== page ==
Street Children Education
In 2008, we hired a street educator to go to the city park each day, where she teaches those children who are unable to attend school for a variety of reasons, reading, basic arithmetic and hygiene. Since then, the program has grown to include an average of 85 children each day, in two different locations. Additionally, we provide them with a lunch, which is often their only meal of the day. Many of the children will eat their meal on the spot but sadly, others will carefully wrap it up to take it home to feed their entire family. In early 2011, the program was expanded further, with the assistance of Fr. Rolando Manayon of St. John of Sahagun Catholic Church in Toledo City, to include catechism lessons. We also began a microeconomic entrepreneur training program. This is teaching the children how to raise money on their own. Each child was given startup money, which they almost immediately repaid. The program is thriving.
Third Saturday Outreach
Prior to the creation of the Lingap Center, many of the street children and orphans were not welcomed into the church because it was felt that they would be disruptive during the services. Before to deciding to take on the Lingap project, John met with the parish priest to make a proposal. He asked that the priest come to the Lingap Center at a minimum of once a month to do a children's mass. In return, John offered to provide a soup kitchen to feed all of the less fortunate children who attend. Consequently, on the third Saturday of each month, a children's mass is held, followed by a soup kitchen. Attendance varies based on a number of factors, not the least of which is the weather (since it is held outside). During regular months, attendance numbers range from 200 - 600. However January tends to be the most heavily attended month. In January of 2009, over 800 children attended. In January of 2010, over 1200 attended, January of 2011 saw over 5000 and in January 2012, 1350 were present. We should add that the Lingap wards are now very active in the church. They are the official choir for the local parish and many of them are also altar servers. The children are quickly becoming a very significant, and treasured, part of the faith community. As of July, 2011, 68 children have been sponsored for baptism by John.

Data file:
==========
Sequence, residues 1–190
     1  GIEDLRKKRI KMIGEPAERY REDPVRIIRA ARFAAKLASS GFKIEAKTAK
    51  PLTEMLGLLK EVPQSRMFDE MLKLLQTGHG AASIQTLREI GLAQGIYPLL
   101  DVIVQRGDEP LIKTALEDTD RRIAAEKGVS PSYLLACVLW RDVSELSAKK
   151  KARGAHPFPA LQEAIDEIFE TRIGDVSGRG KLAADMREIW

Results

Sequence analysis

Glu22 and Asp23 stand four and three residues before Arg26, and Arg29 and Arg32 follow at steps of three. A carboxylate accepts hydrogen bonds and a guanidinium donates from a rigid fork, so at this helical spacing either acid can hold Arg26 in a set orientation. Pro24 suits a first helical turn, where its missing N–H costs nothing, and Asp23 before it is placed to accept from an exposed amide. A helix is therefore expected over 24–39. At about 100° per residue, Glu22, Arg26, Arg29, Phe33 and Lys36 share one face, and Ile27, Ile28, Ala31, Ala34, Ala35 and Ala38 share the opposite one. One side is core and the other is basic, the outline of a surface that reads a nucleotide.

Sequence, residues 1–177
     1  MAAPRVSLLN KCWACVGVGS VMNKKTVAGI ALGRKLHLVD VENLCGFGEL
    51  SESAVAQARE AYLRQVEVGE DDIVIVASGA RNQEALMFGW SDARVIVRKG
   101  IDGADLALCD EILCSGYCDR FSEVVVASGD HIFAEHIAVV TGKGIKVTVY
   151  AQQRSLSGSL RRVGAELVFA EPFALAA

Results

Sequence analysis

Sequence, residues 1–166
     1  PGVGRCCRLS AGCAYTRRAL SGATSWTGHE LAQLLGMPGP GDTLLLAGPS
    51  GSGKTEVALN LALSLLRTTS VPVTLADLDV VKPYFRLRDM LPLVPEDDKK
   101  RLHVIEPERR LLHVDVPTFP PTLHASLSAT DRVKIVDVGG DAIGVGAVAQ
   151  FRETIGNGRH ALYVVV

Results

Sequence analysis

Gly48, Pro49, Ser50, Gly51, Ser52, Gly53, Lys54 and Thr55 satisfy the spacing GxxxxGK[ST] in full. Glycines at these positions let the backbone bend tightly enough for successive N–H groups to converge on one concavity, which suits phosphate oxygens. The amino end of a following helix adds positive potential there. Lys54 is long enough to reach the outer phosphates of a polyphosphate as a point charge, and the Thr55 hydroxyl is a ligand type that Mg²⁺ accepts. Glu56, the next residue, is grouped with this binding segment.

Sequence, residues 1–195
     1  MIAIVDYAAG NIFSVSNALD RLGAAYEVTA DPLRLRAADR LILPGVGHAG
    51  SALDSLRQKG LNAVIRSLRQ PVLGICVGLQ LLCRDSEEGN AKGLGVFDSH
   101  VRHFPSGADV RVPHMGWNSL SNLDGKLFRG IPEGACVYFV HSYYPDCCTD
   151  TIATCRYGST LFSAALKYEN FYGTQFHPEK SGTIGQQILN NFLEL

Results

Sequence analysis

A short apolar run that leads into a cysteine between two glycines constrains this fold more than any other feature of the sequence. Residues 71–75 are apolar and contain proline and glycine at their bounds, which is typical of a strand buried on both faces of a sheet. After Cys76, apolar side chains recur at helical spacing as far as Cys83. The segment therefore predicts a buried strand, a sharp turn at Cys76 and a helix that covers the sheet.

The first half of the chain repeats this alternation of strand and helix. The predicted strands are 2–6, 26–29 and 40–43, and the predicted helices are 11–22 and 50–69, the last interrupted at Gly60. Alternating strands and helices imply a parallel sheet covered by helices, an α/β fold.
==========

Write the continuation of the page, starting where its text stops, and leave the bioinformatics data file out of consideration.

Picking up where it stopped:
In January of 2009, the Lingap Center partnered with seven U.S. Rotary Clubs and three Philippine Rotary Clubs and Rotary International to develop a community library. This was placed at the nearby West Bay Learning Center and it is open to anyone in the area. It includes books, and computer research capabilities. It opened on January 16, 2009 to an estimated 2500 potential beneficiaries.
The Lingap Children’s Foundation has helped contribute to several positive changes within the social structure within the Philippines. The organization’s projects encourage people within the Philippines to re-examine the place of orphans and street children within society. Children who once had no status - and no rights - now have the ability to go to school and church as a result of the work of the Foundation. The organization is gaining visibility within the government as well. John Drake has been recognized for his work by Gloria Macapagal-Arroyo, former President of the Philippines, as well as other key officials. He has a strong relationship with Arlene Zambo, former mayor, and current vice-mayor, of Toledo City. During the April 2006 Dedication Ceremony, the Lingap Center was called “The best facility of its kind in all of the Visayas, if not the entire Philippines” by Teodulo Romo, Regional Director of the Department of Social Welfare and Development. Mr. Roberto Yango, Sector Manager for the U.S. Peace Corps has also recognized the Lingap Center as one of the best organizations of its kind in the Philippines. This was further demonstrated by the fact they granted the Lingap Center with its second volunteer in a row. Repeat assigments of volunteers is highly unusual for the Peace Corps and demonstrates the impact they believe the Lingap Center has in the Philippines.